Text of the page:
One more review.
Review: The Basic Writings of Bertrand Russell
Bertrand Russell, who by any standard is one of the leading intellectual figures of the twentieth century. He was one of the very few leading intellectuals who opposed World War I. He was vilified, and in fact ended up in jail, like his counterparts in Germany. From the 1950s, particularly in the United States, he was bitterly denounced and attacked as a crazy old man who was anti-American. Why? Because he was standing up for the principles that other intellectuals also accepted, but he was doing something about it.
There can be few books that have been titled with such wilful understatement as The Basic Writings of Bertrand Russell. Any book which includes sections on philosophy, logic, mathematics, linguistics, relativity, education, ethics, psychology, history, politics, religion, metaphysics, epistemology, east/west relations and the future of the human race can hardly be described as basic.
Then again, by the standards of Bertrand Russell, perhaps this is basic. He was a prodigious writer on all of the above subjects and a great deal more and for years I have liberated copies of his many books with titles like Political Ideas, Sceptical Essays, In Praise of Idleness and The ABC of Relativity from second hand book shops.
I like Russell because he thought the things that may people think, but actually did something about them. He was born in 1874 to Lord and Lady Amberley, both of whom died when he was young, and he was raised by his grandmother, Lady Russell, in virtual isolation. It was expected by his elders that Russell would take up a career in politics, but his passion was for mathematics and philosophy. As a member of the ruling classes he could have taken the easy way out, acted as minister in a Liberal government, taken up his seat in the House of Lords, not been a bother to anyone. Instead, he went in the opposite direction, serving time in prison for his opposition to the First World War, being sacked from his professorship at City College in New York for his views on sexual liberation, vociferously supporting the campaign for nuclear disarmament. In 1957, Russell wrote an open letter to both Eisenhower and Khrushchev, calling for an end to the Cold War. Similarly, at the time of the Cuban Missile Crisis, he sent telegrams to both Khrushchev and John F Kennedy. Khrushchev assured him that Russia would not be reckless, whereas Kennedy returned his telegram unopened.
Most people would, I think, be glad to have lived half the life that Bertrand Russell lived, displayed half the bravery and understated intelligence that Russell displayed. What comes across from reading this collection of articles isn’t just the sheer depth and breadth of subjects of which Russell was informed enough to talk about, but also serves as reminder that simple ideas and statements sometime need to be reiterated. In my own writing, I often reject trains of thought as they seem so obvious that it would be patronising even to mention them.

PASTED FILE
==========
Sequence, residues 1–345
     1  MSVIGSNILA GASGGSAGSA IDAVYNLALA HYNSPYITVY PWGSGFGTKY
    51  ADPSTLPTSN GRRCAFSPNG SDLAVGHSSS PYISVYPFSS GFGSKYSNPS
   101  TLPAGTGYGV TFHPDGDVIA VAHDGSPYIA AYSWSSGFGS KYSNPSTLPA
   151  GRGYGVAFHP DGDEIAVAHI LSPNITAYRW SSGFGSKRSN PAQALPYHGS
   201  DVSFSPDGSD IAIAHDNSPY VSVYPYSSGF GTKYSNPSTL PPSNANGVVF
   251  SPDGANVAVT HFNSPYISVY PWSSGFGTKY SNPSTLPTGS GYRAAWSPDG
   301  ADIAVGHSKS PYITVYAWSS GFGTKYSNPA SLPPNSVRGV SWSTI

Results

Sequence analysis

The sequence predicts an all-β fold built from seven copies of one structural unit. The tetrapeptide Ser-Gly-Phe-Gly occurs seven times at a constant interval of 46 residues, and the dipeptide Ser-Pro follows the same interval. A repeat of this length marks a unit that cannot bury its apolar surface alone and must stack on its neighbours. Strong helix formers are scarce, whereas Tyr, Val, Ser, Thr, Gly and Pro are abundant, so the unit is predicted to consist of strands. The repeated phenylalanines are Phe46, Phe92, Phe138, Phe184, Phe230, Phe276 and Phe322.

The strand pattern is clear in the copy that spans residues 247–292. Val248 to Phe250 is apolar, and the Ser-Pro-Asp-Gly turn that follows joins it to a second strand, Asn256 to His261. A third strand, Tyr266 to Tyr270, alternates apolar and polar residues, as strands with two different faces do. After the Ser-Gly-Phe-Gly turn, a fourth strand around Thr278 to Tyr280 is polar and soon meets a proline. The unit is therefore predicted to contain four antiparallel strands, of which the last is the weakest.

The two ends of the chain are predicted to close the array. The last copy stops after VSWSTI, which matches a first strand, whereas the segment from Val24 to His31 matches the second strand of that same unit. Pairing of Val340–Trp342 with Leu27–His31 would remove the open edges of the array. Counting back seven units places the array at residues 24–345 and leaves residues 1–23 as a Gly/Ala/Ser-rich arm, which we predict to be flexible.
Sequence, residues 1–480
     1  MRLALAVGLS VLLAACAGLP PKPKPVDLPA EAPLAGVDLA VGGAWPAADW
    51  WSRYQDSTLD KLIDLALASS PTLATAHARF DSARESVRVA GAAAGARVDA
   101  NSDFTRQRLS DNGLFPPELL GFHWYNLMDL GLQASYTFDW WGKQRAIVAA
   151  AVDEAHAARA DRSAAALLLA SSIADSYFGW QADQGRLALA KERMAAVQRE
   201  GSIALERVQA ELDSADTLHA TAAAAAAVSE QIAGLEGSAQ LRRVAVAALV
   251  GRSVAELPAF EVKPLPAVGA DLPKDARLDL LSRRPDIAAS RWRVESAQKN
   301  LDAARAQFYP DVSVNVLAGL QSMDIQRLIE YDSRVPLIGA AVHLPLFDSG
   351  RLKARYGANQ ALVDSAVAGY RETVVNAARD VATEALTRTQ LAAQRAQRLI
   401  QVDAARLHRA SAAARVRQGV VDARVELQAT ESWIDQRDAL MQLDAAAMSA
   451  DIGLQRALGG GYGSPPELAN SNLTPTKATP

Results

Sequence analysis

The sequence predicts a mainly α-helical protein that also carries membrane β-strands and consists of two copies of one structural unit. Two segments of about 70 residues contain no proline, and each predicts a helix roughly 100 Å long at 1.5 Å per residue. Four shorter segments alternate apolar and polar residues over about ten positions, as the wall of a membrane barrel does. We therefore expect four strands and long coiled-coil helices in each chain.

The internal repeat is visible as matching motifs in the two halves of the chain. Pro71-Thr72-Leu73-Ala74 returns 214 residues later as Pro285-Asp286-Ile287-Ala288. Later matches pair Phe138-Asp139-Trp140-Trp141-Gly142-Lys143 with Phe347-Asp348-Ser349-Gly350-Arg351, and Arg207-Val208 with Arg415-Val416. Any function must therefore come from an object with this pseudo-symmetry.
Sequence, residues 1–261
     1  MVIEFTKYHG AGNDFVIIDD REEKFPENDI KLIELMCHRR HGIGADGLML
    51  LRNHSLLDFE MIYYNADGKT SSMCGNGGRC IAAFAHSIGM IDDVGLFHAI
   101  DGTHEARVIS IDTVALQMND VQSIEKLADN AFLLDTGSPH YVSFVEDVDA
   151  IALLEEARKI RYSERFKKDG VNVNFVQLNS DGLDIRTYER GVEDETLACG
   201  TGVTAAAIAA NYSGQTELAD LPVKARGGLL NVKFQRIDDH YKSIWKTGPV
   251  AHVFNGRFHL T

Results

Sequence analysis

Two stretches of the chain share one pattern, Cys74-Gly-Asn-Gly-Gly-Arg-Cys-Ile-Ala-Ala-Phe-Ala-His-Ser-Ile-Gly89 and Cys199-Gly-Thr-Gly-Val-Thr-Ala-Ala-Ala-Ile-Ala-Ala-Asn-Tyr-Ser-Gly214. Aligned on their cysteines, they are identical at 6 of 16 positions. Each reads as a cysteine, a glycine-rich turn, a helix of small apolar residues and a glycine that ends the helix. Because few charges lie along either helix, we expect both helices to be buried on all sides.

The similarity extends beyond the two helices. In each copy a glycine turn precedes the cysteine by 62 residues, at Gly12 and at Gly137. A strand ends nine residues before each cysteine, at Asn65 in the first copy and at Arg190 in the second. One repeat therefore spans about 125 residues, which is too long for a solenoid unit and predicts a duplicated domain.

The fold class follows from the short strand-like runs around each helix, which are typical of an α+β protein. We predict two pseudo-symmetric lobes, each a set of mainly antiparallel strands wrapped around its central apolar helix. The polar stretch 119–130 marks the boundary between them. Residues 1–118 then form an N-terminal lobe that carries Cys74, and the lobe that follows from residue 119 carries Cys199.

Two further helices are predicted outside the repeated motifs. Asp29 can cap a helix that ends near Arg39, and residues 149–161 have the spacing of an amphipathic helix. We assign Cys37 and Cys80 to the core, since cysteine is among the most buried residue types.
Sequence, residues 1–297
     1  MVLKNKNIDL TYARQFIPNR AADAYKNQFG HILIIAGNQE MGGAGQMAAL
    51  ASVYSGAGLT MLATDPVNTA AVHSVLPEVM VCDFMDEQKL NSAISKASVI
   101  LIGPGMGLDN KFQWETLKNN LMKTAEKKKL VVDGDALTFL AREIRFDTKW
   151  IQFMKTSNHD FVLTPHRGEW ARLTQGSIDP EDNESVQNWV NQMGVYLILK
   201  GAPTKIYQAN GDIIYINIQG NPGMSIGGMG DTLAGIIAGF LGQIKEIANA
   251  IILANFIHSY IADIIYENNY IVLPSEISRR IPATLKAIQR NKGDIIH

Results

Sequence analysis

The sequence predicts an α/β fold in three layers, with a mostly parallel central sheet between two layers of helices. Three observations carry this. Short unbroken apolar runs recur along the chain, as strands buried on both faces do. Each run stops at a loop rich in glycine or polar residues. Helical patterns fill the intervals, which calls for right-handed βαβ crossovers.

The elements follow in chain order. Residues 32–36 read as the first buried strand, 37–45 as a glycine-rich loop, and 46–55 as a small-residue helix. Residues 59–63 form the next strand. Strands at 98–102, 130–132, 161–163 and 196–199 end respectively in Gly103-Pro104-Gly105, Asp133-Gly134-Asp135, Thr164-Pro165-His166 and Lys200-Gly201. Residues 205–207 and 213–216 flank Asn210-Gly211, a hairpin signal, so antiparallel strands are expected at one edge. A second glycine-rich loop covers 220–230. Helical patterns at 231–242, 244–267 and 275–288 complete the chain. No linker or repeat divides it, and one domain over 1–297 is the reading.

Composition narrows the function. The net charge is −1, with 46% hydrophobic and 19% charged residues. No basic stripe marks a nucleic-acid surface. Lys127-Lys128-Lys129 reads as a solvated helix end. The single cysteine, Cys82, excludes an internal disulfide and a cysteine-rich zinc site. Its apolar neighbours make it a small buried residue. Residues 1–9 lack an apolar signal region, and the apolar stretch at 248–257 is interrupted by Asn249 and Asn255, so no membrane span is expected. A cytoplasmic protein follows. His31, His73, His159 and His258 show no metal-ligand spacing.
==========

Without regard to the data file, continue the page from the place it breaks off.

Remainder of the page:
Yet simple ideas aren’t always obvious to everyone and even when they are, they bare restatement as a kind of reset button when the world seems to have lost its mind. Russell’s thoughts on religion, politics and education are often simple but never simplistic. It’s worth being reminded that the purpose of education isn’t to teach but to indoctrinate, to question why agnosticism towards God or heaven is any less sensible that agnosticism toward Zeus or Thor, to remind politicians that global conflict is in no one’s best interest except the manufactures of the weapons. Russell never tired of stating and restating his thoughts on these subjects.
Russell’s principal academic pursuits though were in the regions of philosophy and mathematics and there is much in this volume regarding both subjects. Philosophy is often used as a dirty word in the scientific disciplines, yet I think many physicists would benefit from a working knowledge of philosophy, as would philosophers benefit from a little knowledge of basic physical principles. Sadly it is often a case of never, or rarely, the twain shall meet and before Russell, the last significant mathematician-philosopher was probably Rene Descartes in the 17th century. Russell wrote two major works on the history of philosophy, A History of Western Philosophy and Wisdom of the West, sections from both of which are included here. A History of Western Philosophy in particular has been used as a standard textbook in British institutions for many years and I can highly recommend it for anyone who wants a good overview of the subject, as well as a critical overview of some of the major triumphs and failures in thought of the philosophers in question, through from Socrates to John Dewey.
For a general overview of the work and thoughts of Bertrand Russell himself however, you could do worse than start with The Basic Writings of… At 736 pages, you certainly get a lot for your money and while you will almost certainly find some of it going over your head (it has taken me three abortive attempts to get past the sections relating to Russell’s Magnus Opus, Principia Mathmatica), time spent with Bertrand Russell is never time wasted. He was a rare breed, of which maybe only the likes of Noam Chomsky or Tony Benn bear comparison. He was politically active right until the end of his life, spending seven days in prison in 1961 for his involvement in anti-nuclear demonstrations at the ripe old age of 89.
Russell died aged 97 on the 2 February 1970, exactly three years to the day before I was born. I would like to have known him, but he left such a plethora of publications that settling for the next best thing isn’t a million miles away from this desire. Our great and prolific writers get read less and less these days. It is our duty to reintroduce them to new generations. There is much that they can teach us.
Get it done.